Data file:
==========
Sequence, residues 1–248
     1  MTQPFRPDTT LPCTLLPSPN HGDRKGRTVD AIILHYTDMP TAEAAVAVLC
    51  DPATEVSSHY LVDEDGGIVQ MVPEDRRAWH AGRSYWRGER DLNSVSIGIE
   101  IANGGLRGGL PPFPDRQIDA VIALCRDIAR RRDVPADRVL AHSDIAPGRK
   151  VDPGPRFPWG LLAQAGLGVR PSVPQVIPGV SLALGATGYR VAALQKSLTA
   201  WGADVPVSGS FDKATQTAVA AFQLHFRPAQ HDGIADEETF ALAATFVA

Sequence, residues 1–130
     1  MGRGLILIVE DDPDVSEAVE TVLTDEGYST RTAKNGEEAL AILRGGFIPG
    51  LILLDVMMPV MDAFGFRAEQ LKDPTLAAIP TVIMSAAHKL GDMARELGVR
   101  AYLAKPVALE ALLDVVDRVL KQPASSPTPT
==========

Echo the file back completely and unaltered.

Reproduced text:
Sequence, residues 1–248
     1  MTQPFRPDTT LPCTLLPSPN HGDRKGRTVD AIILHYTDMP TAEAAVAVLC
    51  DPATEVSSHY LVDEDGGIVQ MVPEDRRAWH AGRSYWRGER DLNSVSIGIE
   101  IANGGLRGGL PPFPDRQIDA VIALCRDIAR RRDVPADRVL AHSDIAPGRK
   151  VDPGPRFPWG LLAQAGLGVR PSVPQVIPGV SLALGATGYR VAALQKSLTA
   201  WGADVPVSGS FDKATQTAVA AFQLHFRPAQ HDGIADEETF ALAATFVA

Sequence, residues 1–130
     1  MGRGLILIVE DDPDVSEAVE TVLTDEGYST RTAKNGEEAL AILRGGFIPG
    51  LILLDVMMPV MDAFGFRAEQ LKDPTLAAIP TVIMSAAHKL GDMARELGVR
   101  AYLAKPVALE ALLDVVDRVL KQPASSPTPT